Lions quarterback Matthew Stafford lost seven fumbles last year, a league high. (
ALLEN PARK — Matthew Stafford was third in the NFL in passing yards last year. He was sixth in completion percentage and QB rating, and yards per attempt too. He was second in deep passing.
Almost any way you measure it, the longtime Lions quarterback was among the best in the game at his position.
But he was not perfect.
In fact, when it came to losing fumbles, he was the worst in the league. Stafford coughed up the football 11 times overall, and lost seven of them. That matched Tampa’s Jameis Winston and Houston’s Tom Savage for most in the NFL.
As he sets course for 2018, Stafford knows he must improve his ball security.
“I can always be better,” Stafford said Tuesday as Detroit continued its offseason program. “Obviously, I think I turned the ball over too many times last year, got the ball knocked out of my hands or threw it to the other team too many times. Every offseason, you’re looking at those and hating watching them again and trying to find ways to make sure they don’t happen again. That’s a huge one, obviously — a big one always in the NFL is turnovers, so I can always be better doing that.”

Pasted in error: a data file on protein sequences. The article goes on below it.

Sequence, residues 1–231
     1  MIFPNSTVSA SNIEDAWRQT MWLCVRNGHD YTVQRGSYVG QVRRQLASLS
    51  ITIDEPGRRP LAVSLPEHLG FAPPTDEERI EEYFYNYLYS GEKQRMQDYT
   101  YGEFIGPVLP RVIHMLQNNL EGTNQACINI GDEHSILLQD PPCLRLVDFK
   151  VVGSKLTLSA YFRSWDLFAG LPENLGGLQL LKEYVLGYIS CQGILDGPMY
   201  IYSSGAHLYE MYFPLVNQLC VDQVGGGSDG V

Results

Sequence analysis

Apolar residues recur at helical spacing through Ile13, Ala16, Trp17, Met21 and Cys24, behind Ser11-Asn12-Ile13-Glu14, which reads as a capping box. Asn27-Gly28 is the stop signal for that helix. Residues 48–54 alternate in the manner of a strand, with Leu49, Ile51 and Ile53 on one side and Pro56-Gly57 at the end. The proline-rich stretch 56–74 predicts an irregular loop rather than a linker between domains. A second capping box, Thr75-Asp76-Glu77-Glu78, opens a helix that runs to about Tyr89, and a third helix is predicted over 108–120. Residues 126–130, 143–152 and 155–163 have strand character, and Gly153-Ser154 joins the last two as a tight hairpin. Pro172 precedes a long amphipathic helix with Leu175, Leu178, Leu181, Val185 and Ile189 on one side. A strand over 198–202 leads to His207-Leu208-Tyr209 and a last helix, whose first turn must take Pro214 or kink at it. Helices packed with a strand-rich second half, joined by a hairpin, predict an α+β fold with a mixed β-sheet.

Stafford did a decent job through the air, where he threw 10 interceptions for the second straight season. That was fewer than guys like Russell Wilson, Matt Ryan and Kirk Cousins, even though he attempted more passes than all of them. He threw a pick on 1.8 percent of his attempts, which was top 10 in the league.
Given how much pressure he faced — he was sacked 47 times, which was more than everyone except Jacoby Brissett — that’s not bad. But all that pressure did produce too many fumbles.
Stafford had multiple fumbles in four games last year — Carolina, New Orleans, the home game against Minnesota and Baltimore. Notice what those games have in common?
The Lions lost all of them.
When Stafford fumbled the ball once or not at all, Detroit was 9-3.
There’s still no better predictor of wins and losses than turnovers. Stafford continues to do a solid job through the air, especially given how much he has to take to the air because of the troubled ground game. But the fumbles were out of control last year, and that will be a focus moving forward.
“We’re always looking to find ways to get better,” he said. “I think if you just looked at it statistically from the past year, I think we can be better in a number of areas, and we’ll put a lot of time and effort and focus into that this offseason. And hopefully, it’ll come to fruition during the season. It’s a long process getting there.”
If the Lions want a starting caliber player for the middle of their offensive lineman, UTEP guard Will Hernandez could be a candidate for the 20th overall pick.